|Birth Day:||May 28, 1738|
|Death Date:||Mar 26, 1814 (age 75)|
As per our current Database, Joseph-Ignace Guillotin died on Mar 26, 1814 (age 75).
|Height||Weight||Hair Colour||Eye Colour||Blood Type||Tattoo(s)|
He won the title of Doctor-Regent while a member of the faculty at Rheims.
Guillotin was born on 28 May 1738 in Saintes, France, the second son of Joseph-Alexandre Guillotin and Catherine Agatha Martin. Legend has it that he was born prematurely because his mother was in distress after hearing the screams of a man being tortured to death on the breaking wheel.
Guillotin's early education was by the Jesuits in Bordeaux and he earned a Master of Arts degree at the College of Aquitaine of the University of Bordeaux in December 1761. The essay that he wrote to earn the degree impressed the Jesuits so much that they invited him to become a professor of literature at the Irish College in Bordeaux. However, he left after a few years and travelled to Paris to study medicine, becoming a pupil of Antoine Petit. He gained a diploma from the faculty at Reims in 1768 and his doctorate at the School of Medicine in Paris in 1770, which also gave him the title of Doctor-Regent. This allowed him to teach medicine in Paris.
Joseph Guillotin was initiated into Freemasonry, in 1765 at "La Parfaite Union" lodge in Angoulême. Very active as a mason, he joined several other lodges. As a deputy of the Grand Lodge from 1772 he took part in the birth of the Grand Orient of France and attended all its conventions until 1790. In 1773, he became Worshipful Master of the lodge "La Concorde Fraternelle" in Paris. In 1776, he founded the "La Vérité" lodge and often attended Les Neuf Sœurs.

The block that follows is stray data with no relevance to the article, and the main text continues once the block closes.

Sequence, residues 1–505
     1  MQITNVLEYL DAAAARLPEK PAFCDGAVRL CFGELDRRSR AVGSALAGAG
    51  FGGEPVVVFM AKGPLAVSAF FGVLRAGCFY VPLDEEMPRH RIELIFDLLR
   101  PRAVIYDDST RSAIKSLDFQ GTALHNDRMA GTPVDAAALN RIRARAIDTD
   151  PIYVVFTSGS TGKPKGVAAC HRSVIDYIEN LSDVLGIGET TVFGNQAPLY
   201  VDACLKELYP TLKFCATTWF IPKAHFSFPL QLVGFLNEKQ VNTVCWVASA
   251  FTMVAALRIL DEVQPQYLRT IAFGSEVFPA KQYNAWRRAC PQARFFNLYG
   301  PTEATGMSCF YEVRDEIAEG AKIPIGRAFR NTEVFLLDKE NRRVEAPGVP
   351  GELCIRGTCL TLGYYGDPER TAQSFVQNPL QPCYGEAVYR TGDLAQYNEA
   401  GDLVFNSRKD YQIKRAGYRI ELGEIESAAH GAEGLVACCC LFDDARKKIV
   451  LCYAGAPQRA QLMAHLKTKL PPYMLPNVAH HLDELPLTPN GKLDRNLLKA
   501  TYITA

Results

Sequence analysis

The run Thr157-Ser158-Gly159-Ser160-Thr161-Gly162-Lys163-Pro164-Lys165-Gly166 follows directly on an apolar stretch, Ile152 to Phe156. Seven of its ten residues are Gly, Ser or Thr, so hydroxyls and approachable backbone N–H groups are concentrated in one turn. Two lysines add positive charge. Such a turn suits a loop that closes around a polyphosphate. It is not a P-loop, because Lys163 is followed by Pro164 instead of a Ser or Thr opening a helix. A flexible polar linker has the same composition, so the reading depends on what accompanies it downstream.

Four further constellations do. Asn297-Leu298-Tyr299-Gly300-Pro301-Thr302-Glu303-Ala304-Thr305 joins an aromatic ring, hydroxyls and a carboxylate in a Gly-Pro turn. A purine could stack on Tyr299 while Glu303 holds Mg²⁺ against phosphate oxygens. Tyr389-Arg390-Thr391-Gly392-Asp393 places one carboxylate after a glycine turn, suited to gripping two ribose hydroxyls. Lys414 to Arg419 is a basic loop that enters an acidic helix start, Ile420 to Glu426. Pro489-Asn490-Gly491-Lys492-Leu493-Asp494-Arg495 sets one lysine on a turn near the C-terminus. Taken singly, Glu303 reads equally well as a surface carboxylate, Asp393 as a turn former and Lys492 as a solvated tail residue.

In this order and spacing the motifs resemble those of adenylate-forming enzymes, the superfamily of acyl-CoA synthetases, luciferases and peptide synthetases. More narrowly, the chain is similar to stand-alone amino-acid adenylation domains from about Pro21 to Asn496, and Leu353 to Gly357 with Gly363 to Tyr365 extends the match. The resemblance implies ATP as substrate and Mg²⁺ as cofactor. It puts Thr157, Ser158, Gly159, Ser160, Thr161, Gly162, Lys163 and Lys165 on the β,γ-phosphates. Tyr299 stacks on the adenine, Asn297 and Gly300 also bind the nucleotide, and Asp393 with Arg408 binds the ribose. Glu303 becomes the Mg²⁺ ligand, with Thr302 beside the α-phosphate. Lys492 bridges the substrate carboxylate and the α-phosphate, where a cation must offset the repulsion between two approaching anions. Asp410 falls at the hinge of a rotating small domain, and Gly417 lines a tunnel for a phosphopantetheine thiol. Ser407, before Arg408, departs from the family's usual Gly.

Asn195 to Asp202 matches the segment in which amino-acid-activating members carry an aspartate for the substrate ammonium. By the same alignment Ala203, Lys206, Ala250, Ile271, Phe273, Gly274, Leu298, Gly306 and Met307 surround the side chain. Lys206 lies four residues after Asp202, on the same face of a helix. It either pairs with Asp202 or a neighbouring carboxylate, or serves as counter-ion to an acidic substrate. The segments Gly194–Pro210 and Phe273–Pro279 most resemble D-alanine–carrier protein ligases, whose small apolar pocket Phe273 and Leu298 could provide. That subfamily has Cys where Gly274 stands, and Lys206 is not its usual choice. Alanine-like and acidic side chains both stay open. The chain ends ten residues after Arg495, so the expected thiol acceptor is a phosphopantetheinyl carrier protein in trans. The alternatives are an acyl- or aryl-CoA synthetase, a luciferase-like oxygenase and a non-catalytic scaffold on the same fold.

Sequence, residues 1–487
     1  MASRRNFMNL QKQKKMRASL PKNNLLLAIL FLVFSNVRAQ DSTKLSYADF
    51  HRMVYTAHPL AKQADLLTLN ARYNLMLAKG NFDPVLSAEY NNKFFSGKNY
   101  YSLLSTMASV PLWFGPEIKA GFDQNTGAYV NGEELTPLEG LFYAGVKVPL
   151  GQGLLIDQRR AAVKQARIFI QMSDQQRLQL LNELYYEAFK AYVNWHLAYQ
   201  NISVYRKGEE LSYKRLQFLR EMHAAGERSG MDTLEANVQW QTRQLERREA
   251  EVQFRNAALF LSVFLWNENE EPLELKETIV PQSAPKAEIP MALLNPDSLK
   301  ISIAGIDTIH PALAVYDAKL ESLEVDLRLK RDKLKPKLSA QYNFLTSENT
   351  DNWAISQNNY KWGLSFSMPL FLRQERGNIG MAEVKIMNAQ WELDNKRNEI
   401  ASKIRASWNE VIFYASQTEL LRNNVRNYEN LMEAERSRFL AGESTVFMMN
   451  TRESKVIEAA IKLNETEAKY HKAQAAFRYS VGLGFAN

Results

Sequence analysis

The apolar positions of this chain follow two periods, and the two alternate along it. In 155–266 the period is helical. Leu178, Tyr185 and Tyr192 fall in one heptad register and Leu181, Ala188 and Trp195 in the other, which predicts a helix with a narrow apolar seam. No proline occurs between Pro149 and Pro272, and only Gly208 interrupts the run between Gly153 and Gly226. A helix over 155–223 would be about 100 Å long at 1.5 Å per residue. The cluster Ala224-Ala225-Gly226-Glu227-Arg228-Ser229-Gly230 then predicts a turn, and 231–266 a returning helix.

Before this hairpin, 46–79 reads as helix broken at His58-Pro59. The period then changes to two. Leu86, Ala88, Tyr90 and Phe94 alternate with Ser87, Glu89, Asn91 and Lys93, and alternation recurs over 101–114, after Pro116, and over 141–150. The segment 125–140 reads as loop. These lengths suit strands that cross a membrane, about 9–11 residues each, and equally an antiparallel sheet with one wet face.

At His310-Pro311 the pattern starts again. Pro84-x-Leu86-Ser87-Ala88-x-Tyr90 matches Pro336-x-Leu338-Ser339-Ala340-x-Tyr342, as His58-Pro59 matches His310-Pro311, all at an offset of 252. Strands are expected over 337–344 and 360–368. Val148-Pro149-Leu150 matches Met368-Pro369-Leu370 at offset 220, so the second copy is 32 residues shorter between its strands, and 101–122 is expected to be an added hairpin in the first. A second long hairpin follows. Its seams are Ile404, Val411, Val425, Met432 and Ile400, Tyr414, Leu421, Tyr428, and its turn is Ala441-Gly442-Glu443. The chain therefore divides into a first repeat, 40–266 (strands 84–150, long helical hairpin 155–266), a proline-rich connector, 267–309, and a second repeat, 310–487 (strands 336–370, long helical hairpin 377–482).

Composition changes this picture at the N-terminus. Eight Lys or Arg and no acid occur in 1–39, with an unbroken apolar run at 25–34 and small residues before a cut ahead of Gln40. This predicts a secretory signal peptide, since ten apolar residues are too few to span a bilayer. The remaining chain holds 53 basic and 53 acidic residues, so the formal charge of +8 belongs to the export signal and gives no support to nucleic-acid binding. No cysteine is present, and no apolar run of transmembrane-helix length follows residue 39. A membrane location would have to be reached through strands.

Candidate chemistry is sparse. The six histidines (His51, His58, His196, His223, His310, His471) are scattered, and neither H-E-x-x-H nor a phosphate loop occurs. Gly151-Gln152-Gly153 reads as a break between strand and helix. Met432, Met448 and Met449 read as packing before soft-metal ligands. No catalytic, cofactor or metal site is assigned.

In Paris, Guillotin became a well-known physician. By 1775, he was concerned with issues of torture and death. That year, he wrote a memo proposing that criminals be used as subjects in medical experiments. Although he recognised that as cruel, he considered it preferable to being put to death. In 1784, when Franz Mesmer began to publicize his theory of "animal magnetism", which was considered offensive by many, Louis XVI appointed a commission to investigate it and Guillotin was appointed a member, along with Jean Sylvain Bailly, Antoine Laurent de Jussieu, Antoine Lavoisier, and Benjamin Franklin. The commission declared Mesmer to be a fraud, and this put Guillotin in the public eye.
In December 1788, Guillotin drafted a pamphlet entitled Petition of the Citizens Living in Paris, concerning the proper constitution of the States-General. The French parliament attempted to suppress his pamphlet and summoned him to give an account of his opinions, but the crowd during his testimony was very much in support of him, and he was released, which served to increase his popularity. On 2 May 1789, he became one of 10 Paris deputies in the Estates-General of 1789 and was secretary to the body from June 1789 to October 1791. On 20 June 1789, the National Assembly, as the members were now calling themselves, found itself locked out of its chamber. Guillotin suggested they reconvene in a nearby jeu de paume court, where the members swore the Tennis Court Oath, vowing "not to separate and to reassemble wherever circumstances require, until the Constitution of the kingdom is established".
On 10 October 1789, he proposed that "the criminal shall be decapitated; this will be done solely by means of a simple mechanism." The "mechanism" was defined as "a machine that beheads painlessly". His proposal appeared in the Royalist periodical, Les Actes des Apôtres. In all, Guillotin proposed six articles: